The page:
Photo by Dirk Wunderlich Miss California, Crystal Lee, was first runner up in this year’s Miss America pageant.

contestant from the Empire State has won the competition. The first runner-up is Miss Cali-fornia, Crystal Lee, a former College of Marin student and Stanford graduate. She’s also the daughter of Wendy Lee, an IT staff member here for 23 years. As Crystal and Nina react to the news, the camera pans once again to their parents – the mothers of Miss California and Miss America hug and the dads shake hands.

The week prior to the nationally televised event is intense. The contestants compete for 15 finalist positions. And then there are the demanding rehearsals and publicity events. The competition is fierce. “People don’t realize there really isn’t that much cattiness,” Crystal explains. “Behind the scenes there isn’t that much drama. At that level you get some really great young women who are just as beautiful on the inside as they are on the out-side.” That’s the whole point of the interview process, she says. “You not only find someone articulate and smart, but also someone who gives you a feeling of good character. Nina will do a great job as Miss America.” Crystal was born in San Francisco on August 2, 1991, to Wellman and Wendy Lee. Her mom, Wendy, a system support technician in the Information Technology department here, immigrated in 1981 to the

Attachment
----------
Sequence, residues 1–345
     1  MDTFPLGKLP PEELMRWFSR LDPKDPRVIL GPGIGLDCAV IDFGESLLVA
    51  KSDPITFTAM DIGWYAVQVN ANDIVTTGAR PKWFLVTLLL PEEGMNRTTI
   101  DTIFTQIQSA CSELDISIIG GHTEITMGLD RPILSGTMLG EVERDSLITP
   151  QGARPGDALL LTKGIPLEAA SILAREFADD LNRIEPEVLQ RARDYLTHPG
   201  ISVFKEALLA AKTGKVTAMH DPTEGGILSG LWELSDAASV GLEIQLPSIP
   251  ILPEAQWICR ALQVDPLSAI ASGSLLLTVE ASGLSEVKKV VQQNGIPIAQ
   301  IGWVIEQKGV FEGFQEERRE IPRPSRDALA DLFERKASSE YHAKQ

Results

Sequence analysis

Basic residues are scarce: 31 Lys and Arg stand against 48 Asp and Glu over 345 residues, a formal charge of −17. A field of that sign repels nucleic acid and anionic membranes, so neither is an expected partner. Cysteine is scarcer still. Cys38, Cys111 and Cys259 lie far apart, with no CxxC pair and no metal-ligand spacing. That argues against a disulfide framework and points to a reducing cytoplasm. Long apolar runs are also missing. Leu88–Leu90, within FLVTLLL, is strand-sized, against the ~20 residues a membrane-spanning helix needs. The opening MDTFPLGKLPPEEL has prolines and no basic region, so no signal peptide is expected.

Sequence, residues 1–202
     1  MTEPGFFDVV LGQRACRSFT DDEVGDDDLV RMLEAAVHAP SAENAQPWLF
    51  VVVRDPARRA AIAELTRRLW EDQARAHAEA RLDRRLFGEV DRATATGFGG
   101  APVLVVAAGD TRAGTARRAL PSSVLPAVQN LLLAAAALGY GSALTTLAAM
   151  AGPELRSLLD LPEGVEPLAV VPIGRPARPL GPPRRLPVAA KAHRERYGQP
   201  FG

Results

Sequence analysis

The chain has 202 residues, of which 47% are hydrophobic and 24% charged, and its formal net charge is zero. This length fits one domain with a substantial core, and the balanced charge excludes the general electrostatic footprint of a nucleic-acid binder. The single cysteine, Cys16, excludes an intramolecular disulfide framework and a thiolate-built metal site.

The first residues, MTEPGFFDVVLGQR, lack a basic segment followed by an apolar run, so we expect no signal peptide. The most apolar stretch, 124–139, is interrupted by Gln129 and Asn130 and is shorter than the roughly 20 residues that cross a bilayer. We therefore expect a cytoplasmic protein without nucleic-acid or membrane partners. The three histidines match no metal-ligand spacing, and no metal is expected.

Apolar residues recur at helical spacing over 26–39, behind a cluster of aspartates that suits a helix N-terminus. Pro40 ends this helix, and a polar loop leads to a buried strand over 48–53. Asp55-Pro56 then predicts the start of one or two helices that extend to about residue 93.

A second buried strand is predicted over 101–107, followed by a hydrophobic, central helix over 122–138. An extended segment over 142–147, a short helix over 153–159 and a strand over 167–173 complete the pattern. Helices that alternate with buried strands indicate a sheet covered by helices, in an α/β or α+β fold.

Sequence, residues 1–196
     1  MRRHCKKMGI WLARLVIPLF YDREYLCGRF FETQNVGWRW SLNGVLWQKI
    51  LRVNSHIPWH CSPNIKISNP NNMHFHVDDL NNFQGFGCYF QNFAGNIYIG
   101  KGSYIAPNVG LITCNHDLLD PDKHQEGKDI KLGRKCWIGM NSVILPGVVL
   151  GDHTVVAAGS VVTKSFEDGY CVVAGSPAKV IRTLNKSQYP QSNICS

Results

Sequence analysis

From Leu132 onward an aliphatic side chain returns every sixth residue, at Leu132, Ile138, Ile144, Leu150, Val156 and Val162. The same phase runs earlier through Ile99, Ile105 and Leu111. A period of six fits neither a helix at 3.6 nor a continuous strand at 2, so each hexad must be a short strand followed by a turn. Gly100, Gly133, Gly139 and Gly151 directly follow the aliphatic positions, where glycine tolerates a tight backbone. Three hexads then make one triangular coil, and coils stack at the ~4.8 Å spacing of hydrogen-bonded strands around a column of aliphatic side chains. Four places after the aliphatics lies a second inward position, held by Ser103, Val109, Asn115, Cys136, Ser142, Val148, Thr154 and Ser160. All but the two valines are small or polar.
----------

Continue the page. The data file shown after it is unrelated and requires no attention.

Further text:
United States from Taiwan. Her dad, Wellman, was born and raised in San Francisco’s Chinatown. He owned his own optical lab and manufactured eyeglasses for more than 30 years until last year. The couple has been married for 34 years. “I am the product of the quintessential American dream,” says the 22-yearold Miss California. Her mother’s immigration experience left a particularly strong impression on Crystal. “Immigrants come here and start fresh. Often having nothing but their willingness to work hard, and a tenacity to make it… To raise their children, and make a life for themselves. The whole of idea of being American is different depending on who you ask. But it is important to remember the United States is built on the backs of im-migrants.” Crystal is aware of how hard her parents worked and sacrificed to provide for the family. “I didn’t have everything I wanted growing up,” Miss California says. “Little


ECHO TIMES

Oct. 4 - Oct. 18, 2013